425. Cor. If two parallel planes M N, PQ, are met by two other planes, A BED, ACFD, the angles BA C, EDF, formed by the intersections of the parallel planes, are equal; for the intersection A B is parallel to ED, and AC to DF (Prop. XIII.); therefore the angle B A C is equal to the angle ED F.

PROPOSITION XVII. THEOREM.

426. If three straight lines not in the same plane are equal and parallel, the triangles formed by joining the extremities of these lines will be equal, and their planes will be parallel.

Let BE, AD, CF be three equal and parallel straight lines, not in the same plane, and let B A C, E D F be two

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hence, the side AB is equal and parallel to DE (Prop. XXXIII. Bk. I.). For a like reason, the sides BC, EF are equal and parallel; so also are A C, D F; hence, the two triangles BA C, E D F, having their sides equal, are themselves equal (Prop. XVIII. Bk. I.); consequently, as shown in the last proposition, their planes are parallel.

PROPOSITION XVIII.-THEOREM.

427. If two straight lines are cut by three parallel planes, they will be divided proportionally.

Let the straight line A B meet the parallel planes, MN, PQ, RS, at the points A, E, B; and the straight line CD meet the same planes at the points C, F, D; then will

AE: EB::CF:FD.

Draw the line AD, meeting the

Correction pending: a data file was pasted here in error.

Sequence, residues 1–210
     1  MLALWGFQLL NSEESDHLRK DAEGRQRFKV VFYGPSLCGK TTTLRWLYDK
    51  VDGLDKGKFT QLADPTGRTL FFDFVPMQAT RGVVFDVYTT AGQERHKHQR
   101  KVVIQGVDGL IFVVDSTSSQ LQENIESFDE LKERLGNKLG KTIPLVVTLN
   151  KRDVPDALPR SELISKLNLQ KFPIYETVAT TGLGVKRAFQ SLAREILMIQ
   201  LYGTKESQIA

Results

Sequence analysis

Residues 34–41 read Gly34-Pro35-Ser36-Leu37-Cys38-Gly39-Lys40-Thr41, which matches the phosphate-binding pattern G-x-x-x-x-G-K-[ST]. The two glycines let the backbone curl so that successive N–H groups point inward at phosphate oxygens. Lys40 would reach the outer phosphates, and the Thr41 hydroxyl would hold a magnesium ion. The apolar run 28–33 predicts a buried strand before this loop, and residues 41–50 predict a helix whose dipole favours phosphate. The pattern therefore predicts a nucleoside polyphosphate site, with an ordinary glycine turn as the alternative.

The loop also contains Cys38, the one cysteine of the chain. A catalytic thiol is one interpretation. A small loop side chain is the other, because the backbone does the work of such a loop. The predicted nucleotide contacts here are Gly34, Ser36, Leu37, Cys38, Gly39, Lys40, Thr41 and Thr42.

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plane PQ in G, and draw A C, EG, BD. Then the two parallel planes PQ, RS, being cut by the plane ABD, the intersections EG, BD are parallel (Prop. XIII.); and, in the triangle ABD, we have (Prop. XVII. Bk. IV.), AE: EB:: AG: GD.

In like manner, the intersections A C, G F being parallel, in the triangle A D C, we have

AG: GD::CF:FD;

hence, since the ratio A G: G D is common to both pro

portions, we have

AE: EB::CF: FD.

PROPOSITION XIX.-THEOREM.

428. The sum of any two of the plane angles which form a triedral angle is greater than the third.

The proposition requires demonstration only when the plane angle, which is compared to the sum of the other two, is greater than either of them.

Let the triedral angle whose vertex is S be formed by the three plane angles ASB, ASC, BSC; and suppose the angle ASB to

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be greater than either of the other two; then the angle ASB is less than the sum of the angles AS C, BSC.

In the plane ASB make the angle BSD equal to BSC; draw the straight line ADB at pleasure; make SC equal S D, and draw A C, B C.

The two sides BS, SD are equal to the two sides BS, SC, and the angle BSD is equal to the angle BSC; therefore the triangles BSD, BSC are equal (Prop. V. Bk. I.); hence the side BD is equal to the side B C. But AB is less than the sum of AC and BC; taking BD from the one side, and from the other its equal, BC, there remains AD less than AC. The two sides A S, SD of the triangle ASD, are equal to the two sides A S, SC, of the triangle ASC, and the third side AD is less than the third side AC; hence the angle ASD is less than the angle ASC (Prop. XVII. Bk. I.). Adding BSD to one, and its equal, BS C, to the other, we shall have the sum of ASD, BSD, or AS B, less than the sum of A SC, BSC.